Early Monday afternoon, Craig Mish of the Miami Herald broke a major piece of news that overshadowed the CBA talks taking place in Jupiter. Marlins CEO and partial owner, Hall of Famer Derek Jeter is stepping down from his position within the organization, selling his shares to the team and moving on.
Jeter, who entered the Marlins organization in 2018 next to Sherman, was a 4% stakeholder in the club. He was entering the final year of a five year deal as CEO. 2022 would have been a huge year for Jeter and his future with the club as winning at the major league level right now has become of paramount importance. The Marlins had already committed to spend upwards of $109 million on two players, their star pitcher Sandy Alcantara and outfielder Avisail Garcia and had plans to spend even more before the current lockout. So why now? Why was February 28th, 2022 the right time for Jeter to move on?
From the beginning, Jeter, a natural born winner who is used to success, preached and stuck to his plan of building a sustainable winning franchise. The first few years were rough on both fans and those surrounding Jeter, including players and staff. After firing all the club’s special advisors including Jeff Conine, Jack McKeon, Tony Perez and Andre Dawson, Jeter hired Gary Denbo as VP of Player Development and Scouting, replacing the recently released Marc DelPiano. Denbo was considered Jeter’s first major hire. In an equally heralded move, Jeter dismissed longtime amateur scouting director Stan Meek from his role and replaced him with another Yankees’ supplant, DJ Svihlik. Meek remained with the Marlins in an advisory role before his retirement in 2020.
From there, Jeter turned his attention to the big league roster and put all his faith in Denbo and Svihlik to build a sustainable long term winning franchise by way of an elite feeder system. In the winter of 2017-18, Jeter executed a set of very well known trades designed to bolster the minor league system at the expense of proven major league talent.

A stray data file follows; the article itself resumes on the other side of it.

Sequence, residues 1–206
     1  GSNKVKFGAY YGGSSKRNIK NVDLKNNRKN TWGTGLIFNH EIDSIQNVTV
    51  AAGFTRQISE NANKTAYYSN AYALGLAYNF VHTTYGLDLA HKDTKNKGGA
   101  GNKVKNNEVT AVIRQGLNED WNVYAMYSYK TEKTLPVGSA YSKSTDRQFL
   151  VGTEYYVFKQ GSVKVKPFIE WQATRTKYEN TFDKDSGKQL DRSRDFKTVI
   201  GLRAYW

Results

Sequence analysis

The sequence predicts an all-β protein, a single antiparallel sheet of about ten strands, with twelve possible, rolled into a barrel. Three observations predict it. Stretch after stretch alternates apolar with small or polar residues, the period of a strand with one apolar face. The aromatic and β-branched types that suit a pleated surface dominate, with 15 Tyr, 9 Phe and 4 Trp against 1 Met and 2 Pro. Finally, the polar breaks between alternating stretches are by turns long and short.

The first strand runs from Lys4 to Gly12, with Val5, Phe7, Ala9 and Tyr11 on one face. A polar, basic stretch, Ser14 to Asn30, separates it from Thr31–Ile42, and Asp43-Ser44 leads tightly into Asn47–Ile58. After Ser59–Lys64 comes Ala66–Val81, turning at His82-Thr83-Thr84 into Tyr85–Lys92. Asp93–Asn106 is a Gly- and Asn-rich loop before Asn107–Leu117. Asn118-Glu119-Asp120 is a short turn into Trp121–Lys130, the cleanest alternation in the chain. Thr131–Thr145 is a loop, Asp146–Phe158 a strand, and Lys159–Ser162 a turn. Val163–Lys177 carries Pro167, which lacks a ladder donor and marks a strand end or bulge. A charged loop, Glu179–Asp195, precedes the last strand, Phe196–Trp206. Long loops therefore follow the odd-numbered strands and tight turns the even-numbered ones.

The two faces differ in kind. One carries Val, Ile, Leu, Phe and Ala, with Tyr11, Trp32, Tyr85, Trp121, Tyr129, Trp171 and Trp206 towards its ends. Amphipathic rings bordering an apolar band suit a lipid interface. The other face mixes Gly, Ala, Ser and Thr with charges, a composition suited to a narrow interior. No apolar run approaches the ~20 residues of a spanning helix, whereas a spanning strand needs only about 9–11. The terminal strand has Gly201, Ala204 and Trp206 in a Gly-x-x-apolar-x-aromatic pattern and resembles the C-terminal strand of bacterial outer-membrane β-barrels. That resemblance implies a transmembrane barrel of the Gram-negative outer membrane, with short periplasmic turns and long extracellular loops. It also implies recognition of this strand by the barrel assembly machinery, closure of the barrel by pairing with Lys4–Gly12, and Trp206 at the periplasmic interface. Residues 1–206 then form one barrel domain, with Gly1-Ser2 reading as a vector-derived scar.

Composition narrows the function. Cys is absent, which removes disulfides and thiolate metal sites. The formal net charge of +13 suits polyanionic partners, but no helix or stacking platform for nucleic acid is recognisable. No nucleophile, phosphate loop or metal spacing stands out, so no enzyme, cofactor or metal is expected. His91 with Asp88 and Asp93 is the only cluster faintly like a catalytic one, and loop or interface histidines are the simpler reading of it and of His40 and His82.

At the winter meetings, the Marlins were very active: they dealt slugger and fan favorite Giancarlo Stanton along with most of his remaining $295 million contract to the New York Yankees for Starlin Castro, Jorge Guzman and Jose Devers. The Marlins followed up days later by dealing Marcell Ozuna to the St. Louis Cardinals in exchange for Alcantara, Zac Gallen, Daniel Castano and Magneuris Sierra. Miami then cleared out the entire 2017 outfield in January by dealing Christian Yelich to the Brewers for Lewis Brinson, Monte Harrison, Isan Diaz and Jordan Yamamoto.
In the face of all of this, catcher JT Realmuto requested a trade from the Marlins. In mid-February of 2019, Jeter obliged sending Realmuto and two years of club control to the divisional rival Phillies for their second best prospect (according to Baseball America) Sixto Sanchez and their eighth best prospect Jorge Alfaro.
Entering the 2018 season, the Marlins’ Opening Day payroll was down from $115 mil to $99 mil and the full scale rebuild was on. In 2019, payroll fell to $71.9 mil. In 2020, the Marlins, who had COVID-19 wipe out 18 games, somehow made the playoffs during a 60 game spring, giving Jeter his first taste of the postseason as an owner and executive. During this time on the player development side, two things happened: Svihlik succeeded in the draft, putting together several highly lauded classes and Denbo and Co, though they had great success developing pitching. However, they have continuously struggled to develop offense. As Alcantara became a star and the current leader of the Marlins’ staff, 2017 first round pick Trevor Rogers was developed into a 2021 Rookie of the Year candidate and Pablo Lopez became one of the best command and control artist, the likes of trade returns Alfaro, Brinson, Diaz and Sierra as well as highly touted top draftees such as Connor Scott, Will Banfield, JJ Bleday and others have so far overall had trouble getting their offensive tools to translate to the minors.